Plus ça change: Smuggling migrants in 1949

I’m reading a lot of older noir fiction these days and noting references to informal migration, however it’s talked about. In the following exchange between detective Lew Archer and a cop, the market for smuggling is linked immediately with the victimisation of migrants. It’s from The Moving Target by Ross Macdonald, 1949:

‘They’ve been running an underground railway on a regular schedule between the Mexican border and the Bakersfield area. The southern end is probably at Calexico.’

‘Yeah,’ Spanner said. ‘That’s an easy place to cross the border. I took a trip down there with the border guard a couple of months ago. All they got to do is crawl through a wire fence from one road to the other.’

‘And Troy’s truck would be waiting to pick them up. They used the Temple in the Clouds as a receiving station for illegal immigrants. God knows how many have passed through there. There were twelve or more last night.’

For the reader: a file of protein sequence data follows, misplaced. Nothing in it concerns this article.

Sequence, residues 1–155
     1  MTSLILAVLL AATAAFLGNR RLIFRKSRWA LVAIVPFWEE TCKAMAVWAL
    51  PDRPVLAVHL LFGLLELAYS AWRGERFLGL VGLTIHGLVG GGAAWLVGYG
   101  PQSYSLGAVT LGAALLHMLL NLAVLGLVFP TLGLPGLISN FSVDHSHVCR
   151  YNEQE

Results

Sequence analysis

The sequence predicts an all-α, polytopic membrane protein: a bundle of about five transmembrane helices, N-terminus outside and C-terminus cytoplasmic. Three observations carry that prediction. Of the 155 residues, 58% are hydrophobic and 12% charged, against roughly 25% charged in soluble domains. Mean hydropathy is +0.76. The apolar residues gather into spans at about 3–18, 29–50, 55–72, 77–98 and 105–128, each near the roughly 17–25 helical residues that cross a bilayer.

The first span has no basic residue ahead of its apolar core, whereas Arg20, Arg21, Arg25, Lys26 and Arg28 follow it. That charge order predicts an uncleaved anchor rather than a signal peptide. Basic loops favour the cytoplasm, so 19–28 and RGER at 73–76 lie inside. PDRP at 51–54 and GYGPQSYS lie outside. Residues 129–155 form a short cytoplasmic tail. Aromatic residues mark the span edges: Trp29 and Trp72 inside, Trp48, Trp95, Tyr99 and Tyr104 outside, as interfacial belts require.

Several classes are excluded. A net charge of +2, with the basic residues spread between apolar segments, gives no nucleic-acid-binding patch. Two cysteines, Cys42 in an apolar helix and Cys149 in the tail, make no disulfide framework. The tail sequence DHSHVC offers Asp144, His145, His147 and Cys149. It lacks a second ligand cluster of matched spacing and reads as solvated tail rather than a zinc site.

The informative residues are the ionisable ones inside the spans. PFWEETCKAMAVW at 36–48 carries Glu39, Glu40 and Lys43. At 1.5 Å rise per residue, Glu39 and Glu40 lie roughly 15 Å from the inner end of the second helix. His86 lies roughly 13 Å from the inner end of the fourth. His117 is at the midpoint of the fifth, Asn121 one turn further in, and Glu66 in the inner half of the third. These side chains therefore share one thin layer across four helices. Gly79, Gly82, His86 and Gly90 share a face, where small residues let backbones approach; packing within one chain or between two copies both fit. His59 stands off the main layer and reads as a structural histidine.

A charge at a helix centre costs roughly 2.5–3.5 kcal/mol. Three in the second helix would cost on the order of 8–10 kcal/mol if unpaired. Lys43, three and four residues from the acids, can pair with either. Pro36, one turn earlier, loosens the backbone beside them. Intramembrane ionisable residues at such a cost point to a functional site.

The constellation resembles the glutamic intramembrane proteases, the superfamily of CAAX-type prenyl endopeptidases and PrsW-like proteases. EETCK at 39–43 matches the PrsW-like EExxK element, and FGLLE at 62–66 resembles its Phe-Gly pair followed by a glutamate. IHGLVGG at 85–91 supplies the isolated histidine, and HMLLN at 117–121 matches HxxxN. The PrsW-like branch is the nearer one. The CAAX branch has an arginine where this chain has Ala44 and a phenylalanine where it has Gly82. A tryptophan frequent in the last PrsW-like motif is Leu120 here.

‘Are they still there?’

‘They’re in Bakersfield by now, but they shouldn’t be hard to round up. If you get hold of Claude I’m pretty sure he’ll talk.’

‘Jesus!’ Spanner said. ‘If they brought over twelve a night, that’s three hundred and sixty a month. Do you know how much they pay to get smuggled in?’


‘A hundred bucks apiece. This Troy has been making big money.’

‘Dirty money,’ I said. ‘Trucking in a bunch of poor Indians, taking their savings away, and turning them loose to be migrant laborers.’

He looked at me a little queerly. ‘They’re breaking the law, too, don’t forget. We don’t prosecute, though, unless they got criminal records. We just ship them back to the border and let them go. But Troy and his gang are another matter. What they been doing is good for thirty years.’

‘That’s fine,’ I said. p 341-2 in a large-print edition

-Laura Agustín, the Naked Anthropologist

Leave a Reply

This site uses Akismet to reduce spam. Learn how your comment data is processed.